I was pleasantly surprised at the first one. Forty-five seconds was longer than I needed. Finishing in plenty of time, I stood on the end line, hands on hips, feeling very jock-like.
Note: Although I'm only six-foot-four, and shorter than Finney and Kent Bazemore, who run the drill as guards, I arbitrarily ruled myself a forward, because I needed those extra two seconds per run.
Two more suicides down, breathing a little harder, but still comfortable. After number five, the first one with 43 seconds to finish, I found myself hunched over.
"Hands on your knees already, Brendan? A long way to go yet," Corrigan said. One thing I noticed right away - the players change direction way faster than I do. After every reversal, and there are seven per suicide, I found myself having to catch up to Hassell and Larsen.
"That's the key. This is a change-of-direction drill," Taylor told me. Number six down. Then seven. Really blowing hard now. I glanced over at Anton and Frank. They didn't seem to be in any kind of difficulty. I looked at the clock. More than 12 minutes left. Uh-oh.
I pushed through number eight, the last 43-second suicide. Two fewer seconds for the next one. I fought back in the last length of the court to make number nine, but my luck ran out on the 10th. I had fallen too far behind the pace, and I was about five feet from finishing the sprint when my time ran out. I was done, and the drill was only half over.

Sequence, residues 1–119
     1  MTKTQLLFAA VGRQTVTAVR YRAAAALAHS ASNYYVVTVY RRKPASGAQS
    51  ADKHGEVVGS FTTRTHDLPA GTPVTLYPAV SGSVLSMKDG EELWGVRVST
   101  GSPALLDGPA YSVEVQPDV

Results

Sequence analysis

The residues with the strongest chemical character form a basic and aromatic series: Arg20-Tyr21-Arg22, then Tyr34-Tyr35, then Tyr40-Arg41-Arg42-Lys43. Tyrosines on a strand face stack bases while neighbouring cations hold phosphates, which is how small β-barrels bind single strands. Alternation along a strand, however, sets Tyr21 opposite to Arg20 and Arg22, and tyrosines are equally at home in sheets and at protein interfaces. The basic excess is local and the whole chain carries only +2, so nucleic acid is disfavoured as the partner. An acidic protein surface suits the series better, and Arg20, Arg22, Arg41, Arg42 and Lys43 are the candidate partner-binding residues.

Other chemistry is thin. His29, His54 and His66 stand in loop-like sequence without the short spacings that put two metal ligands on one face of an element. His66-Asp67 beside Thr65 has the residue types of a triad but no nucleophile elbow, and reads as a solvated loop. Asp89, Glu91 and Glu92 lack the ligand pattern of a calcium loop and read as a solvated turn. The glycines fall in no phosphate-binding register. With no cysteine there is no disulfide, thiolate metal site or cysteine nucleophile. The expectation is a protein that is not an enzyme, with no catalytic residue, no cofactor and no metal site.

So I stepped aside and watched the other two players keep fighting, and a wonderful thing happened. Frank missed one in the high teens and was eliminated. However, Larsen, who's struggled with the speed of everything since arriving in Norfolk a few months ago, kept knocking them out. Sixteen. Seventeen.
"C'mon Tonn! Get it done. This is it." The rest of the players started shouting encouragement. Eighteen - two runs left. Now Larsen teammates had come over to the end of the gym where he was running.
Nineteen. There was a din in the gym as Larsen's teammates exhorted him. For his last one, senior Marsharee Neely joined him on the end line to run it. With a half-second to spare, Larsen flung himself across the finish line, colliding heavily with the wall. The rest of the Monarchs crowded around the freshman center, giving him high fives and hugs.
At the end of practice, Coach Taylor looked Larsen in the eye and shook his hand, something he does with every player who completes the drill. "How does it feel?" he asked. "Awesome," Larsen said.
I asked the big Dane about finishing the drill which had wiped me out halfway through. "I had never heard about such hard drills before. I know a guy who had played over here, he told me about it, but I didn't really believe it," Larsen said. "I've never worked hard like this, but the whole team was around helping me out, so it was easier to do." Easy isn't the word I'd use. Congratulations Anton.
Brendan O'Hallarn is an employee in the office of University Relations at ODU.
Brendan's Blog 46